Advancing AI governance in Europe and internationally

A montage of people using AI in different ways

Editor’s Note: This post is a chapter written by Microsoft Vice Chair and President Brad Smith for Microsoft’s report AI in Europe: Meeting the opportunity across the EU. The ideas expressed here were covered in his keynote speech at the Europe’s Digital Transformation – Embracing the AI Opportunity event in Brussels on June 29, 2023.

 You can read the global report Governing AI: A Blueprint for the Future here.


There are enormous opportunities to harness the power of AI to contribute to European growth and values. But another dimension is equally clear. It’s not enough to focus only on the many opportunities to use AI to improve people’s lives. We need to focus with equal determination on the challenges and risks that AI can create, and we need to manage them effectively.

This is perhaps one of the most important lessons from the role of social media. Little more than a decade ago, technologists, and political commentators alike gushed about the role of social media in spreading democracy during the Arab Spring. Yet, five years after that, we learned that social media, like so many other technologies before it, would become both a weapon and a tool – in this case, aimed at democracy itself.

Today, we are 10 years older and wiser, and we need to put that wisdom to work. We need to think early on and in a clear-eyed way about the problems that could lie ahead. As technology moves forward, it’s just as important to ensure proper control over AI as it is to pursue its benefits. We are committed and determined as a company to develop and deploy AI in a safe and responsible way. We also recognize, however, that the guardrails needed for AI require a broadly shared sense of responsibility and should not be left to technology companies alone. In short, tech companies will need to step up, and governments will need to move faster.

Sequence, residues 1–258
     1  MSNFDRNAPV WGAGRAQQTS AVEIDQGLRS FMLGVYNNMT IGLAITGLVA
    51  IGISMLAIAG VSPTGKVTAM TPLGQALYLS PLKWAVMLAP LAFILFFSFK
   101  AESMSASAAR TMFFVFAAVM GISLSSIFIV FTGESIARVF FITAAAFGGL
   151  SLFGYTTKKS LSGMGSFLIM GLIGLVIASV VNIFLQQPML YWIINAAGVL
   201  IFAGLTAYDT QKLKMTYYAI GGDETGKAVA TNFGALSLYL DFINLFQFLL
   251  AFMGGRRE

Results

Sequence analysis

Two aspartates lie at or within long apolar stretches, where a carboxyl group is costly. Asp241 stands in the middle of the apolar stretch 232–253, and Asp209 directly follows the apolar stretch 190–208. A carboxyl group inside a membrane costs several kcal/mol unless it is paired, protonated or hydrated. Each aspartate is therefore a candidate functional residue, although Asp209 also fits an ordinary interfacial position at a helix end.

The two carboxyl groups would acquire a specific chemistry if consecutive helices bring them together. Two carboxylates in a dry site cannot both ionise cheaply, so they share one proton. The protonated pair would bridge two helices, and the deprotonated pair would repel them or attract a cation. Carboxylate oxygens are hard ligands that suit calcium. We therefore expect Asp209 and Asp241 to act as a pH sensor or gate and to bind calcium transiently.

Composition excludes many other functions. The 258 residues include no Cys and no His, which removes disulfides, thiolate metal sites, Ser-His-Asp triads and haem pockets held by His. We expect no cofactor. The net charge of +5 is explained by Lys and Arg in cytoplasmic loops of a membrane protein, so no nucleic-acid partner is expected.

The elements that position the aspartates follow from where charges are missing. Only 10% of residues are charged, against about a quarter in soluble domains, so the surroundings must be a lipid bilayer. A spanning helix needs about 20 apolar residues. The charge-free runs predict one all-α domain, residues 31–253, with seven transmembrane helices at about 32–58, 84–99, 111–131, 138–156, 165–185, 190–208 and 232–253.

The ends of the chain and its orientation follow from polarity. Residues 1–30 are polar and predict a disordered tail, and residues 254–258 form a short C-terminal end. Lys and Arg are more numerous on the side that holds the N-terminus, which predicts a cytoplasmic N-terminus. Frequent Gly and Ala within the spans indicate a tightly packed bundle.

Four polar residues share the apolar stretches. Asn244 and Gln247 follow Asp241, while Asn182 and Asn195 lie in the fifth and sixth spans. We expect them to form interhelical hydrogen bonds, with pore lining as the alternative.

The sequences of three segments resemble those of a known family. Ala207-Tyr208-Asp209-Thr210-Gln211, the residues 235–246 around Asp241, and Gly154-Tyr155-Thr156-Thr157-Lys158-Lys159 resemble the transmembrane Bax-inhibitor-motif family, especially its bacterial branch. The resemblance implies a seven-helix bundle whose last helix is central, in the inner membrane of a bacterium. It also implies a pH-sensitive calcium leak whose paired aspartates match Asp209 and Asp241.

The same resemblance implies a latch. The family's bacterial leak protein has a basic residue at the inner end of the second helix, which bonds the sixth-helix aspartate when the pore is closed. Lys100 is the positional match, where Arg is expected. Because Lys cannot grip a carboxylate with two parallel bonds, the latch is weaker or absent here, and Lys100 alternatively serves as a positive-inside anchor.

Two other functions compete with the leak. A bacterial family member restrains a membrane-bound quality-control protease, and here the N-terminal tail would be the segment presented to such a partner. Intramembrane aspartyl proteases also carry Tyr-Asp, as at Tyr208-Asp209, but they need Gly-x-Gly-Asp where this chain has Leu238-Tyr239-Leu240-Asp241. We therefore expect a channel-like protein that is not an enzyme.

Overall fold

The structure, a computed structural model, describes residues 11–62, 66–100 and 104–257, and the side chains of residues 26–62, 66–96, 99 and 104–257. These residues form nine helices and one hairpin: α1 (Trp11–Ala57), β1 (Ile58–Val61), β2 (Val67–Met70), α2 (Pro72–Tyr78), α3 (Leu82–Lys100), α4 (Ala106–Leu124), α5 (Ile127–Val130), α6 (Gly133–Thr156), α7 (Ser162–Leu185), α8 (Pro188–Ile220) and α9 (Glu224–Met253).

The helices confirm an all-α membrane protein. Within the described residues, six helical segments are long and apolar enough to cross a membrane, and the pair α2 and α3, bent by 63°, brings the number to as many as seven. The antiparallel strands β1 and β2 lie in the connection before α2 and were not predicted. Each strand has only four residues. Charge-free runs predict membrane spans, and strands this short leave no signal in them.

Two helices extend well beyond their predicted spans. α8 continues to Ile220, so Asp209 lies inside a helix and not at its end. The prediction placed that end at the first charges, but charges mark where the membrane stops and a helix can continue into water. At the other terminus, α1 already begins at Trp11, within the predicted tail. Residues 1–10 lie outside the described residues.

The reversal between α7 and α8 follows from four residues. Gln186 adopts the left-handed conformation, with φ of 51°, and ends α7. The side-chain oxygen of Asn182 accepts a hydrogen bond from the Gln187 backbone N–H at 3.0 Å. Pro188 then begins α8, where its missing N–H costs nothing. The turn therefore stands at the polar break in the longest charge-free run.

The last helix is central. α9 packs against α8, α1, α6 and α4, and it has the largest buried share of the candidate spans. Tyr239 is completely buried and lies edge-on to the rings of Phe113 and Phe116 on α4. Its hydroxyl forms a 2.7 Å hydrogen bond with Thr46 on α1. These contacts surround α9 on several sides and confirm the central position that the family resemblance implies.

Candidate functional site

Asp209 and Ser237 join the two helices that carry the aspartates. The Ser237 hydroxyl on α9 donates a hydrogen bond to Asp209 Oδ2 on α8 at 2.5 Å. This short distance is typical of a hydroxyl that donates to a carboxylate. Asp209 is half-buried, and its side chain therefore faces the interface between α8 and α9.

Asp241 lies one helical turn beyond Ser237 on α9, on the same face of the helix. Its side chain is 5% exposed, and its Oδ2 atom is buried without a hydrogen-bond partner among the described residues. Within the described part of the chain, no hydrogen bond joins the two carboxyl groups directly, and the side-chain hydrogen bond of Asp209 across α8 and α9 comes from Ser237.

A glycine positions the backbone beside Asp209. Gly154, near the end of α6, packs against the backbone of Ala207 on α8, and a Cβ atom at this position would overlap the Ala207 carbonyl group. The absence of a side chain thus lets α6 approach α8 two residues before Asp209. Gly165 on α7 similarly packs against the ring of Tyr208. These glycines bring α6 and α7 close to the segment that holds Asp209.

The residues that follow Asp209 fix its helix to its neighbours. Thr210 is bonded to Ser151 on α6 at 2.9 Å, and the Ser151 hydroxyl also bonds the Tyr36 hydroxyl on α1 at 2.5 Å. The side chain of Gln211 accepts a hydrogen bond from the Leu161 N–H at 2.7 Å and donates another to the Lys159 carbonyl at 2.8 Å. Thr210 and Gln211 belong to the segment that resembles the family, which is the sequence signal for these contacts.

When we at Microsoft adopted our six ethical principles for AI in 2018, we noted that one principle was the bedrock for everything else – accountability. This is the fundamental need to ensure that machines remain subject to effective oversight by people, and the people who design and operate machines remain accountable to everyone else. In short, we must always ensure that AI remains under human control. This must be a first-order priority for technology companies and governments alike.

This connects directly with another essential concept. In a democratic society, one of our foundational principles is that no person is above the law. No government is above the law. No company is above the law, and no product or technology should be above the law. This leads to a critical conclusion: People who design and operate AI systems cannot be accountable unless their decisions and actions are subject to the rule of law.

In May, Microsoft released a whitepaper, Governing AI: A Blueprint for the Future, which sought to address the question of how do we best govern AI and set out Microsoft’s five-point blueprint.

five-point blueprint for governing ai

The blueprint builds on lessons learned from many years of work, investment, and input. Here, we draw some of that thinking together with a specific focus on Europe, its leadership on AI regulation, and what a viable path to advancing AI governance internationally may look like.

With the European Parliament’s recent vote on the European Union’s Artificial Intelligence (AI) Act and ongoing trilogue discussions, Europe is now at the forefront of establishing a model for guiding and regulating AI technology.

From early on, we’ve been supportive of a regulatory regime in Europe that effectively addresses safety and upholds fundamental rights while continuing to enable innovations that will ensure that Europe remains globally competitive. Our intention is to offer constructive contributions to help inform the work ahead. Collaboration with leaders and policymakers across Europe and around the world is both important and essential.